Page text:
Life Before Death
DIS’s first NFT collection, Death Clock, positions holders’ inevitable demise as a starting place for life itself.
In the virtual version of “An Arrow through History,” Takashi Murakami’s new exhibition at Gagosian Gallery in New York, the doors are locked. There are no gallery attendants to walk by awkwardly, but the architectural details are all there: the bleached wood floors, the hot white puck lights, and the gallery home page loaded on the iMacs. It was unclear what time it was when I beamed in, other than perhaps time to buy something (a button at the top right beckons you to “Connect Wallet”). It was like entering a nightclub during off-hours: whatever was supposed to happen had already happened, or was yet to happen; I was either too late or too early.
I visited this virtual space multiple times over the last few days on my computer and on my phone, before and after seeing the exhibition in person, and every time it left me feeling somewhat hollow. The exhibition’s physical counterpart spans Gagosian’s two locations on Madison Avenue, and it consists primarily of sculptures and paintings, but these objects are tied to the metaverse in a variety of ways. Many of the paintings are exacting re-creations of their corresponding NFTs, and look almost identical to their online versions. Rather than bringing the physicality of the real world into the digital, Murakami brings the deadened, 2D nature of digital images into physical space. In an interview for Gagosian Quarterly, Murakami predicts a “cognitive revolution.” “Right now we still fuss about whether a product is corporeal, and whether or not we can touch it with our fingers and bodies, but that will soon be a nonissue in the reality of the metaverse,” he says. What future for art does this primarily visual, disembodied experience foretell? Will the revolution leave my body behind?
Rather than bringing the physicality of the real world into the digital, Murakami brings the deadened, 2D nature of digital images into physical space.
Murakami attributes his awakening to the “metaverse” to the pandemic summer of 2020, when his children started playing Animal Crossing: New Horizons. In the aforementioned interview, he describes watching his children’s avatars gaze up at fireworks in the night sky, chop down trees, and decorate their homes with their friends. It inspired him to develop a Tamagotchi-style game, and explore how video games and emerging technologies might reshape the contemporary art world.
Each time I entered the metaverse, I was given a different nine digit identifying code. This time it was 02EYat01Q. My avatar was a small coin—a smiling, pixelated daisy, with alternating pink and white petals on a light blue background. It shares a motif with the 11,664 NFTs being released this spring as Murakami.Flowers; each one is a 24-by-24 pixel drawing, a nostalgic throwback to 1980s gaming consoles.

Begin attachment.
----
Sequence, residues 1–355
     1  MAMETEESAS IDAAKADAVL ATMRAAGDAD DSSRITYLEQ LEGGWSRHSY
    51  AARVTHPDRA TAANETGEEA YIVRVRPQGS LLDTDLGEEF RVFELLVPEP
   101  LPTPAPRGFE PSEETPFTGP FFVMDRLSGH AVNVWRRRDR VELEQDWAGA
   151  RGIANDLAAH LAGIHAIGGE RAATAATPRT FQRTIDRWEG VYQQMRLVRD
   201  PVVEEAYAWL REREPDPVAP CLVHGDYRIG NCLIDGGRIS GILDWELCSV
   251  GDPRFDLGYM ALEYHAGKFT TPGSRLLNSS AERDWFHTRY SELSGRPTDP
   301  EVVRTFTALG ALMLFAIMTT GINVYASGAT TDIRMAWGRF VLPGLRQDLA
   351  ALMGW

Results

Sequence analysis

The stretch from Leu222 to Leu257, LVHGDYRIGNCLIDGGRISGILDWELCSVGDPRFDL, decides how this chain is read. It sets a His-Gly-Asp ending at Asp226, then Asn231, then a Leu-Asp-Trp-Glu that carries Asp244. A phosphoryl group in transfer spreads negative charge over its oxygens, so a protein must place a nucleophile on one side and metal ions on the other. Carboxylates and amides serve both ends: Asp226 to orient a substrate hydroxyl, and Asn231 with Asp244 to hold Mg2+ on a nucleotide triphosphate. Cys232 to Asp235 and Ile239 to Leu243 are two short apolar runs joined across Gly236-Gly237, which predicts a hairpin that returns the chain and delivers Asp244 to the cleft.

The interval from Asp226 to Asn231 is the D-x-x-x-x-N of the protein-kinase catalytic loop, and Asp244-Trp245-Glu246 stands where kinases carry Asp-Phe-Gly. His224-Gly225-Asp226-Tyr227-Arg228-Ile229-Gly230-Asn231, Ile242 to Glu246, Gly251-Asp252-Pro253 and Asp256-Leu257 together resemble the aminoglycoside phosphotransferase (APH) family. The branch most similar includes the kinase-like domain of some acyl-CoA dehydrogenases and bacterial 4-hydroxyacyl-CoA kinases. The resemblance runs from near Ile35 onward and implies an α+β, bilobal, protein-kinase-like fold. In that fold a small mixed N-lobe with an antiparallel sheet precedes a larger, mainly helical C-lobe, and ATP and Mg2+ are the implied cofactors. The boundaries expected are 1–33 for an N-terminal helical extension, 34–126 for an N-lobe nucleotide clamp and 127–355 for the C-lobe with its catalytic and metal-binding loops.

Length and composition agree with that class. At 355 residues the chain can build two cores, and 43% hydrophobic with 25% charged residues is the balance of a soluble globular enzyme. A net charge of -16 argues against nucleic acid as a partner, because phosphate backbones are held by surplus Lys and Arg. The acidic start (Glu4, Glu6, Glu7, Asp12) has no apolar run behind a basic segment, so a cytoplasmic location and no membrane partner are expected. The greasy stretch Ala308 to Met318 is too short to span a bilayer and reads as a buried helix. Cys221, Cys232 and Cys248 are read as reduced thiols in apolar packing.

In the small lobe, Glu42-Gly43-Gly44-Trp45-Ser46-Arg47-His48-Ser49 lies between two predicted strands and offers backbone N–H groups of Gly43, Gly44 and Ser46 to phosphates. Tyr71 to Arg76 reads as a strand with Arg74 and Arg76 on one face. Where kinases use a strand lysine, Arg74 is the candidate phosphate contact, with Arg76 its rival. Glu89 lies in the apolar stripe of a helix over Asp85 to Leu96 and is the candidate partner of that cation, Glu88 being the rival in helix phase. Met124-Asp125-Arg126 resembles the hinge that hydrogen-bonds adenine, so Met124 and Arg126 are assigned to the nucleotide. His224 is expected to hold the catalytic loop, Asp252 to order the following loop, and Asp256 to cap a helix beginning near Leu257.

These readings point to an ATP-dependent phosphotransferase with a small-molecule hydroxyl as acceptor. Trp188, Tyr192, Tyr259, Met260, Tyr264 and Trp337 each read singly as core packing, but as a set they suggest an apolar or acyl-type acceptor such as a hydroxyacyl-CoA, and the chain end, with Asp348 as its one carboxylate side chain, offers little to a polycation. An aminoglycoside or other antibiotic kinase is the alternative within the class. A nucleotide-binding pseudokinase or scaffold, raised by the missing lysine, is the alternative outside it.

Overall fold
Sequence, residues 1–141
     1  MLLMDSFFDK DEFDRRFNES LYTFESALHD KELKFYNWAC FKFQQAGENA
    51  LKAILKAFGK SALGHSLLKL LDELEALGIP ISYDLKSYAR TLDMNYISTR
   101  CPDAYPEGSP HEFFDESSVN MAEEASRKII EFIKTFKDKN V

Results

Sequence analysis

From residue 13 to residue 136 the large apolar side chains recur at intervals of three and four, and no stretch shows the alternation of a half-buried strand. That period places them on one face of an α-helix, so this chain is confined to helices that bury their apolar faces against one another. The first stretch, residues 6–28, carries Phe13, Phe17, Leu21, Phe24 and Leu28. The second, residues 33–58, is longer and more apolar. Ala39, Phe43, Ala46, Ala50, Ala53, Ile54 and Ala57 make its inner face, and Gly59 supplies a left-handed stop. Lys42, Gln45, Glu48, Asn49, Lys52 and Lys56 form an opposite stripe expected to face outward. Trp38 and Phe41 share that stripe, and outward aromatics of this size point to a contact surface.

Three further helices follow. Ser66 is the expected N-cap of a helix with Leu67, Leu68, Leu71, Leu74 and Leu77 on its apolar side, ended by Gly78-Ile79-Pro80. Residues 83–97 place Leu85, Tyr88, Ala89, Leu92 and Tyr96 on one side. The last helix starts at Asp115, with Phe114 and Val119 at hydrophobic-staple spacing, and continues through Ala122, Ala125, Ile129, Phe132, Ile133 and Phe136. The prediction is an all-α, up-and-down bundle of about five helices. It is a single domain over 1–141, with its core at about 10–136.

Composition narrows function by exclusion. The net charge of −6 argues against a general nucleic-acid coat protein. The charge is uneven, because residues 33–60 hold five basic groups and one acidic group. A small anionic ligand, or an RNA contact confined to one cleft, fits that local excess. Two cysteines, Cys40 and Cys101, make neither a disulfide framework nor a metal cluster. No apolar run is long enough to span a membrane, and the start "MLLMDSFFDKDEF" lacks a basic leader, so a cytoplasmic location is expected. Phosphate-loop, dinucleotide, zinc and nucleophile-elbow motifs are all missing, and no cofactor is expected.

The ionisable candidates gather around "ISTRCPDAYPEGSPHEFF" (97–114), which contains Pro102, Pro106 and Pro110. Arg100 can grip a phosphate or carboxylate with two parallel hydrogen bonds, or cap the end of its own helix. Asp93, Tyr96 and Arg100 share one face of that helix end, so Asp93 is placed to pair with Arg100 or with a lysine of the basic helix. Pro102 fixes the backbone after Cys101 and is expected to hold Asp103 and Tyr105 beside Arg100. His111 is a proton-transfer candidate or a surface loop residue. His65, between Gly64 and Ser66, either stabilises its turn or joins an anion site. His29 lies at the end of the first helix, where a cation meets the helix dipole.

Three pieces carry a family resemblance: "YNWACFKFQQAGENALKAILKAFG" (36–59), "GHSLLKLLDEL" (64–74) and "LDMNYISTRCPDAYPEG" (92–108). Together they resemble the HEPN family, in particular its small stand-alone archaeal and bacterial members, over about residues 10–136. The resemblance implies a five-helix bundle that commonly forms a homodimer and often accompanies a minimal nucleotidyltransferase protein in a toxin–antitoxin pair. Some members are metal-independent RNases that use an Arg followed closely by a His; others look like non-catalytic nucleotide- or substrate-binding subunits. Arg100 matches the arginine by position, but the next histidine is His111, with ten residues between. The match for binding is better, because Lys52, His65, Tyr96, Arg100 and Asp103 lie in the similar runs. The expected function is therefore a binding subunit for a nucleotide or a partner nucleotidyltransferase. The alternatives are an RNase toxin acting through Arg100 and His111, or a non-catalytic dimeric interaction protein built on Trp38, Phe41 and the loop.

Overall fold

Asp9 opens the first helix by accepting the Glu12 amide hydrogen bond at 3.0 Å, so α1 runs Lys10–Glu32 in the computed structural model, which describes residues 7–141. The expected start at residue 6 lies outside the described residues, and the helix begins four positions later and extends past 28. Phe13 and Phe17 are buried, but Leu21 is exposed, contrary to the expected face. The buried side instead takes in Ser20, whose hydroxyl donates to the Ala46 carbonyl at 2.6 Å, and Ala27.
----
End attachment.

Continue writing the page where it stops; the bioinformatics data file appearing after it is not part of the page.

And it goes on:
My floating coin moved soundlessly across the wooden gallery floors until it encountered the sixth-floor gallery, full of round, blue-and-white fish paintings inspired by thirteenth-century Chinese porcelain. This is the first of three projects on view in this show, and it seeks to connect the technological advances of Qinghua ceramics to the NFTs of now. But the digital context overwhelms them. Despite the painstaking handiwork, the paintings look cold and serially produced. Gagosian’s physical galleries boast surprisingly fun Snapchat filters that overlay live animations onto the art and the floor when viewed through the app. In the fish room, these submerged the gallery underwater. Oddly, these lively settings are not available in the exhibitions’ virtual counterparts, which seems like a lost opportunity. It could have been crazy!
My modest proposition is that “An Arrow through History” is actually a show of photography, not painting. Although all the objects are painted, their flat pixelation anticipates their eventual retranslation back into digital space. More striking, though, was how my coin avatar mirrored the artwork. We were both just virtual renderings, except one was very expensive. I felt, temporarily, like a unit of currency rather than a human being. I oriented my avatar to face one of the paintings, Chinese Perch after Kitaoji (2022). I felt my sense of disembodiment captured by the fish in the painting: pursed lips turned to the surface of the 2D water, frozen and breathless. Is this a condition of art in the metaverse—that I, the human being, am indistinguishable from the work I am viewing? Virtual viewership resolves the mind/body split by flattening everything through mediation: mind is body is code.